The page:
“Nobody knows for sure how it got its name. The tale of Grainne and Diarmuid is actually an ancient legend from Ireland, but legends and stories are carried by people and planted in new places.”

She stood up happy, holding a hazelnut between her thumb and finger. She put it in her pocket and looked at her nephew.

“There was a shared culture and language here with Ireland. Creag na Tuirc was named in Gaelic in the mists of time. Was the story of Diarmuid’s death told here round the fireside? For sure it was. Was the rock named to give the tale a local setting? I like to think it’s possible. There are lots of places in the Highlands named after these old Celtic legends. There’s a place called Tor an Tuirc which means hill of the boar, near Oban, and close by there is a standing stone called Diarmuid’s pillar. Local people said it was where he was buried. So the stories were planted here many years ago and now have roots here too. In fact, just up the road there is what tradition says is Fionn’s grave.”

“Really! Aw can we go there aunty, please?”

READ MORE: Chapter 6 of Tim's Book

“Of course, we might even be able to see it later today,” Izzy assured him.

She continued her search for hazelnuts and Finn helped, but they found no more.

“I’d hoped to find nine,” explained his aunt.

“Why nine?”

“I’ll tell you later, in a story,” Izzy smiled.

Finn was quiet as they walked down the path by the tumbling water. Suddenly, he recognised where he was: the waterfall they’d passed earlier.

“You stay here and enjoy the falls, I’ll meet you at Rob Roy’s grave,” said Izzy as she wandered back to Balquhidder Kirk.

READ MORE: Chapter 7 of Tim's Book

Finn stayed a while longer, watching the water cascade over the rocks. The sound soothed him and the damp coolness of the air was welcome in what was becoming a very warm day.

He eventually walked back to the kirk and emerged from the shade of the trees to see his aunt talking to a man. They broke off their conversation as soon as they saw Finn and the man walked briskly away out of the kirkyard.

“Just a tourist asking about Rob Roy,” she explained when she saw Finn’s inquisitive expression.

Two women then arrived.

“Do you know where Rob Roy’s grave is?” they asked Finn. He smiled and pointed at it.

“Could you take our photo please?” they asked.

They stood by the graveside with their thumbs up as Finn clicked a couple of times to make sure. Finn was keen to explain the mystery of the grave but they didn’t linger. The women thanked him and left, happy they’d got their photo.

As they drove away, Finn noticed the other car parked in the small parking space.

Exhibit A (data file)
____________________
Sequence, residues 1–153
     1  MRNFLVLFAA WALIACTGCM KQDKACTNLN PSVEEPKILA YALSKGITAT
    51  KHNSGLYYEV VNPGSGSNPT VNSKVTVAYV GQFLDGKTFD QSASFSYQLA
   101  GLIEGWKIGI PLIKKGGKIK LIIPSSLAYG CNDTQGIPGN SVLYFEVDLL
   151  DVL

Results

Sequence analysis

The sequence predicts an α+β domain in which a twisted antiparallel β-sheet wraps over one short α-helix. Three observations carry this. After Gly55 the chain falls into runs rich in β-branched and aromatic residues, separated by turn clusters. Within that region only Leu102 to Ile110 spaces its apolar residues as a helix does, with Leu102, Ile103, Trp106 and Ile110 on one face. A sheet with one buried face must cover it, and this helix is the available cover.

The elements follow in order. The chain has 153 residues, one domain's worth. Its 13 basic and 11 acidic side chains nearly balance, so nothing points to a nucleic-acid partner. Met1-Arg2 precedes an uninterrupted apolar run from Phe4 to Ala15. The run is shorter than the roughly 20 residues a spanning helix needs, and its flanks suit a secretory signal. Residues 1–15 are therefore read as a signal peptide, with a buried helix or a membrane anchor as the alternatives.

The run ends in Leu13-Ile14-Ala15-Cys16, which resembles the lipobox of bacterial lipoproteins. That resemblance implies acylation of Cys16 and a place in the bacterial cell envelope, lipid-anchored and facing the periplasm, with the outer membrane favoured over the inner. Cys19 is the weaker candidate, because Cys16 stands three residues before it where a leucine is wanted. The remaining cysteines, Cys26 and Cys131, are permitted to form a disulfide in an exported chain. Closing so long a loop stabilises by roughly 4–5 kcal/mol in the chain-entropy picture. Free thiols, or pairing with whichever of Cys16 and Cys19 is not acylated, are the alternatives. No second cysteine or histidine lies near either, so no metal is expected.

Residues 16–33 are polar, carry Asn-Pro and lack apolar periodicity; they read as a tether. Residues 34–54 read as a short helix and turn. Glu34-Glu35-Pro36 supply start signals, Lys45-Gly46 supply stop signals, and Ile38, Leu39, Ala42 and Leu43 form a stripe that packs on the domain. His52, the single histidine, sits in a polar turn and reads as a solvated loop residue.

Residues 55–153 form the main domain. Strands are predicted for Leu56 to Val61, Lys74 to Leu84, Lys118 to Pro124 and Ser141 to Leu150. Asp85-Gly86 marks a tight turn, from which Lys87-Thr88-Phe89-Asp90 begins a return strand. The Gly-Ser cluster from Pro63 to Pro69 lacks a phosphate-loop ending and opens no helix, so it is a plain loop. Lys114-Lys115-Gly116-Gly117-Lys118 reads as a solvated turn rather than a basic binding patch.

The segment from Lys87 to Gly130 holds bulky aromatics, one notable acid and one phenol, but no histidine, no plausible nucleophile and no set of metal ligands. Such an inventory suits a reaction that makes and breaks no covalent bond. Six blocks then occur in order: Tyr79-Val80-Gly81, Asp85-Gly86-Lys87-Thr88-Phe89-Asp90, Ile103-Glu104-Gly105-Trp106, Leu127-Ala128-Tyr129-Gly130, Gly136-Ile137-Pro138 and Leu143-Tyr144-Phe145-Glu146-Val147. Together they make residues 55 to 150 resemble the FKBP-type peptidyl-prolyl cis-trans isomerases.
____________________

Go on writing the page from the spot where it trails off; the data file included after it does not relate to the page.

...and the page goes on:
He was sure it was the same car which had been parked in the layby by Samson’s Stone the day before. But he thought no more of it, as his stomach began to tell him it was time for some proper food.

He looked for his aunt. She was in the 19th-century kirk, looking at a stone with a carving of a person on it.

“I’m hungry, can we go for lunch?” Finn asked.


They walked back to the car through the wood and past the waterfall once again.

On the way, Izzy pointed out the grave of Robert Kirk’s wife, who had died young, and the faerie hill on the northern edge of the kirkyard.

It was midday and the sky was almost a Mediterranean blue.

They left Balquhidder and drove towards Kingshouse at the east of the glen, which was originally built to accommodate British army officers using the military road.

Balquhidder had seen its share of Redcoat atrocities in the aftermath of Culloden in 1746, as many MacLarens had come out for Bonnie Prince Charlie.

The military road had been built to make transport of the military easier, and to supply the many British army forts located in the Highlands, which were garrisoned to keep an eye on potential Jacobite trouble.

As they drove out of the glen towards Loch Earn, Izzy told the tale of Capt Donald MacLaren.

He had joined the Jacobites during the rising of 1745. He was wounded and captured, then taken on a journey to England for execution. But he managed to escape while passing a place called the Devil’s Beef Tub in the south of Scotland, and one tradition says he returned to Balquhidder and lived many years in disguise as a woman, despite being heavily built.

She told it in a funny way and Finn laughed at the image of this big bearded man dressed as a woman fooling the soldiers.

“How can you remember all these stories?” he asked.

“I remember the pictures they paint in my imagination,” replied Izzy.

“Maybe I sometimes get some of the details wrong but for me they are portraits in my head and so when I tell the story I just describe what I see. That’s the way I remember anyway.”

Finn understood what she meant. Her stories had helped him paint his own portraits in his head.

He was silent for a while as Izzy drove, then said: “I want to phone my mum.”

“Of course sweetie, let’s find a phone box and see if she’s free.”

Izzy felt a wave of anxiety. She was worried that Finn might have recognised who she had been talking to at Balquhidder. She also had emotions that were not showing on the surface.

She asked herself if she was she doing the right thing. Then she looked at her nephew, who was looking out of the window while humming along to the tune she was playing.

“I’m doing it for him,” she thought, “focus on that.”